What Is Vimizim?
Developing a life science economy around the Buck
Institute is good for Marin — and humanity. BY JIM WOOD
If the orphan drug side of
the biotech industry succeeds
in Marin, it will mean great
things for the vitality of our
10-year-old public company in Hamilton
Landing with a drug designed for sufferers of a
rare form of Huntington’s disease, and Mount
Tam Biotechnologies, a small firm hoping to
bring to market medical compounds to treat
lupus. Mount Tam Biotechnologies is working
with the Buck Institute for Research on Aging,
in that familiar I. M. Pei–designed building
sitting on the hillside just north of Novato.
Created in the late 1980s from the trust of a
wealthy Ross couple, Leonard and Beryl Buck,
the Buck Institute is an independent research
facility whose mission is “to increase the
healthy years of life.” Within its walls dozens
of world-class scientists work in a collabora-
tive environment to understand how getting
older contributes to Alzheimer’s, Parkinson’s
and heart diseases, as well as cancer, stroke,
diabetes and glaucoma.
“The Buck Institute is absolutely an asset to
the growth of life science commerce in Marin,”
says Robert Eyler, Sonoma State University
professor of economics and chief economist
for the Marin Economic Forum. “Short of a
leading research university, there’s nothing
like it between the Golden Gate Bridge and the
University of Oregon in Eugene.”
The Marin Economic Forum, whose
founding members include Autodesk, Bank of
America, Marin General Hospital and Whole
Foods, is another group aiming to vitalize
the area’s life science economy. So too is the
North Bay Life Science Alliance, a consor-
tium in Marin, Sonoma, Napa and Solano
counties in which companies like Genentech,
Medtronic and Novartis — along with BioMarin,
Ultragenyx and Raptor Pharmaceuticals —
seek to create corporate synergy and attract
more like-minded corporations to the region.
According to Eyler, the alliance currently
involves 90 globally involved corporations that
employ more than 10,000 individuals that con-
tribute $4.9 billion to the local region’s economy.
If a vibrant life science economy can continue to grow and thrive here, with the Buck
Institute as its nucleus, it will be incredibly
good for Marin — and humanity. That’s my
point of view. What’s yours?
INFUSIONS OF VIMIZIM treat people with low levels of the N-acetylgalactosamine- 6 sulfatase enzyme that breaks down the glycosaminoglycans that cause a form of mucopolysacclaridosis known as
Morquio A. Got that?
In simpler terms, Vimizim means that
Annabelle, age 7, will have the energy and
stamina to lead a mostly normal life. In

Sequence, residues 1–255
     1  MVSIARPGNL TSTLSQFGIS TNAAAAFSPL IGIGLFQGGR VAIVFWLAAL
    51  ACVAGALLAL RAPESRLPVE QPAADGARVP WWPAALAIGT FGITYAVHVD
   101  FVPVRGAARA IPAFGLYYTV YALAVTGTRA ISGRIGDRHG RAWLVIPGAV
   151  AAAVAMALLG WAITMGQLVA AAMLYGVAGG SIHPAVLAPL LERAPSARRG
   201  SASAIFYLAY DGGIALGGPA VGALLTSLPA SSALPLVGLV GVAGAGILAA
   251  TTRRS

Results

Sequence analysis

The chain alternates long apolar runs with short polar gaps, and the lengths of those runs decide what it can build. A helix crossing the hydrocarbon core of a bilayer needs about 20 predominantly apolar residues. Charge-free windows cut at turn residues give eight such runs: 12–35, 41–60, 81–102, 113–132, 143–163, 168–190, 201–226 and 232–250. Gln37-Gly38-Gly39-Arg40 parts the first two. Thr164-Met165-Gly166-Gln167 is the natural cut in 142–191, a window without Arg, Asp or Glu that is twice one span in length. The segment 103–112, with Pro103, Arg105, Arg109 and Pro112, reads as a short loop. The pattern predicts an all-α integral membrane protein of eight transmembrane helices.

the U. S., only about 300 people suffer from
Morquio A, and they require weekly infusions
of Vimizim that can cost $400,000 a year. To
learn more about Annabelle, Google BioMarin;
her photo will appear and you’ll be inspired.
Meanwhile, it might be worthwhile to
understand an emerging commerce in Marin
known as “orphan drugs.” These drugs bear
this nickname because they treat diseases
afflicting no more than 250,000 people world-
wide. If the orphan drug side of the biotech
industry succeeds in Marin, it will mean great
things for the vitality of our county’s economy.
BioMarin Pharmaceutical, the maker of
Vimizim, was founded 20 years ago in Novato
and is now headquartered in those downtown
San Rafael high-rises you see from the freeway.
With 2,200 employees in the U. S. and Europe
(1,600 in Marin), the publically traded company
gets almost $900 million in annual revenue,
though it has yet to turn a profit. “BioMarin’s
focus is on patients, mostly children, suffering
from rare genetic diseases,” says spokesperson
Debra Charlesworth. “Vimizim is one of our five
products, with several more in the pipeline.”
Another Marin biotech firm is Ultragenyx
Pharmaceutical, founded in Novato in 2010.
It is also publicly traded, has more than 275
employees and specializes in treatments for rare
and debilitating genetic diseases. According to
reports, the company is close to bringing sev-
eral products to market. Recently, Ultragenyx
signed a $65 million agreement with Takeda
Pharmaceutical Company Limited of Japan to
license and co-develop rare disease drugs.
Other Marin companies developing orphan
drugs include Raptor Pharmaceuticals, a
The vie ws and opinions expressed in this article are
those of the author and do not necessarily reflect the
policy or position of Marin Magazine and its staff.